5 Tips for a More Peaceful and Productive Talk About Assisted Living
As people age, it becomes necessary to discuss difficult conversations. Often, a medical emergency triggers the need to start talking about assisted living. But sometimes, the precipitating event is not so dramatic.
A series of little things can also indicate that it’s time to talk about transitioning to assisted living. If you notice a deterioration in living conditions, mail that’s piling up, or a change in your loved one’s mood or personality it may be time to talk.
Sometimes it’s hard to assess these things from afar. Often, aging parents will assure their children that they are “fine.” They don’t want to raise a concern or feel like a burden. It can be difficult to know how well your parents are doing if you don’t see them every day.
It’s never easy to bring up moving into an assisted living facility. The transition to senior care often sparks fears of losing one’s independence and privacy and forces people to contemplate death and end-of-life decision-making.
This is uncomfortable for both parents and children. But you must broach difficult topics, from finances and estate plans to medical directives and senior care. These five strategies can help make talking about assisted living a little easier and, hopefully, a little more productive.
1. Start Early
The best time to start planning for and talking about assisted living is long before you need it. The second best time is now.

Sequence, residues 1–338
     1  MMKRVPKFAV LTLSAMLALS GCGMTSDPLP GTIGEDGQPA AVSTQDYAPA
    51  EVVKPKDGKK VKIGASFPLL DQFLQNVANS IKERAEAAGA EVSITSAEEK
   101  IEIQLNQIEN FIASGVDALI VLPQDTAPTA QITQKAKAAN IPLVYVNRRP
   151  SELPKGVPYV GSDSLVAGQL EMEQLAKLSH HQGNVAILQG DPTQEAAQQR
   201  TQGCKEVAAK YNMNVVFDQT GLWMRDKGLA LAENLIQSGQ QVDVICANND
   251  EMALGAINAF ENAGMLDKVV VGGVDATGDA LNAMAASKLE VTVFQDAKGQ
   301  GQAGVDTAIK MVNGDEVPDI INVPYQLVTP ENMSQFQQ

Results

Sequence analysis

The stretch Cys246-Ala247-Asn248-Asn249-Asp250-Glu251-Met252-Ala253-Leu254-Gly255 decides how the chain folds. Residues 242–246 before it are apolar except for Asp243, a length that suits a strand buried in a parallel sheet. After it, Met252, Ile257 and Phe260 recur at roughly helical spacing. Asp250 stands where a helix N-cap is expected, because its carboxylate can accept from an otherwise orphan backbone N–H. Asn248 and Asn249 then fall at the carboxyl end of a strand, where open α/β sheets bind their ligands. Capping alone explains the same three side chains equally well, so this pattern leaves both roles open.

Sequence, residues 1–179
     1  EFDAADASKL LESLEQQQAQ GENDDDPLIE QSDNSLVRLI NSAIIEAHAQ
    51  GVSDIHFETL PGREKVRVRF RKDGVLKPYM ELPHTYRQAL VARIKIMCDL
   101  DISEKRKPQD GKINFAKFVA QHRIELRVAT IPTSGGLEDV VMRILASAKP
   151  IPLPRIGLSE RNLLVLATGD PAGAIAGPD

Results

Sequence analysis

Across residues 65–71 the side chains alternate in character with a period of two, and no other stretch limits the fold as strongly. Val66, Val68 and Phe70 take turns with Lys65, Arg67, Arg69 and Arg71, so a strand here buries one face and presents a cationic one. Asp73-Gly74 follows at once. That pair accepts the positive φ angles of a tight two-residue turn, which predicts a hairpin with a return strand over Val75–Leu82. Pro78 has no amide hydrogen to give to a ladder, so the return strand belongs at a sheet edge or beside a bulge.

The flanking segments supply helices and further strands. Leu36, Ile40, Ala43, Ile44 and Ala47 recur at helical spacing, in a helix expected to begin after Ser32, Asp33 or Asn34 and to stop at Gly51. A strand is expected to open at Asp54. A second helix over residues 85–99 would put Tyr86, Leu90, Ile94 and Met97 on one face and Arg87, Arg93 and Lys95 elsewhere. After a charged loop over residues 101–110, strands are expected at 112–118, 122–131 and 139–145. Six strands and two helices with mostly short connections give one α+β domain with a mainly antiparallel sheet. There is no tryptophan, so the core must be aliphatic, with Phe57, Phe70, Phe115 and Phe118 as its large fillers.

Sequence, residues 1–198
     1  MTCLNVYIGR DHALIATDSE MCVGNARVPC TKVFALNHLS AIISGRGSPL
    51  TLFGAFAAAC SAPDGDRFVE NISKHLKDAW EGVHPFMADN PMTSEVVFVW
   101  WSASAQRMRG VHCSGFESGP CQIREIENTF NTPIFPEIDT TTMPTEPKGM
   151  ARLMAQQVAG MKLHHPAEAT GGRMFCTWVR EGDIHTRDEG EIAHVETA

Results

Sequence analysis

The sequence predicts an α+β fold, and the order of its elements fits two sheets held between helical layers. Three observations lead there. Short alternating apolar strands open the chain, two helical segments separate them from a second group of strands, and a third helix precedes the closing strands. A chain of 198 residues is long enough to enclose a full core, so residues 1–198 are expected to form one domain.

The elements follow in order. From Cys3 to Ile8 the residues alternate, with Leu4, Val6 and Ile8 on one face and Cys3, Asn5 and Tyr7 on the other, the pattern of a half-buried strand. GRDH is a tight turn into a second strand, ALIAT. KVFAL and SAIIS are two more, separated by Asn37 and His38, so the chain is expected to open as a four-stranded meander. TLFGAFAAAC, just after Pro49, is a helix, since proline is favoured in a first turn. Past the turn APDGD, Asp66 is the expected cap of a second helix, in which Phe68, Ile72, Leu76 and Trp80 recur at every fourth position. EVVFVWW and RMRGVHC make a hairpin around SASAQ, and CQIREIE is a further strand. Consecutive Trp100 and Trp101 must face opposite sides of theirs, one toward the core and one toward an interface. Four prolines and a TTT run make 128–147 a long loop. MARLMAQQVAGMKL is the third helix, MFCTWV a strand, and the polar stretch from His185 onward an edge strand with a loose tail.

Pre-planning helps you control the situation. It allows you to consider issues before you are pressured to make a decision. It’s much easier to discuss options when you aren’t faced with the conflicting emotions of a looming crisis.
Talk To Your Siblings
If you have siblings, it’s important to speak to them first. You want to be sure you are all on the same page about how best to care for your aging parents. Don’t assume you all agree on what’s best. It might take several conversations to get everyone to agree.
Once you come to a consensus, decide who is going to bring it up with mom and dad. You don’t want your parents to feel as though they are being ambushed, so one-on-one conversations are best.
Use Organic Opportunities
Try to find a natural way to bring up the idea of assisted living. Often, the organic opportunity is a parent’s health crisis, even a minor one. But you don’t need to wait for that to happen.
You could use the experience of a friend or family member to get the conversation rolling. Or an advertisement for a senior-care facility. You can even plant this “organic” opportunity by recounting a “conversation” you had with someone else to start talking about assisted living.
Explain why you have been thinking about the need for senior care. Make sure your parents know you have their best interests at heart. Explain that you worry about them being on their own.
2. Listen to Your Loved One’s Concerns
During these initial conversations, the most important thing you can do is listen. Your parent is likely going to have many concerns. They will worry about giving up their independence. Many seniors view the transition to senior care as the end of personal autonomy, fun, and freedom.
Don’t try to minimize their feelings or force false positivity on them. There will be time to showcase the many benefits of moving to assisted living, but this isn’t that time.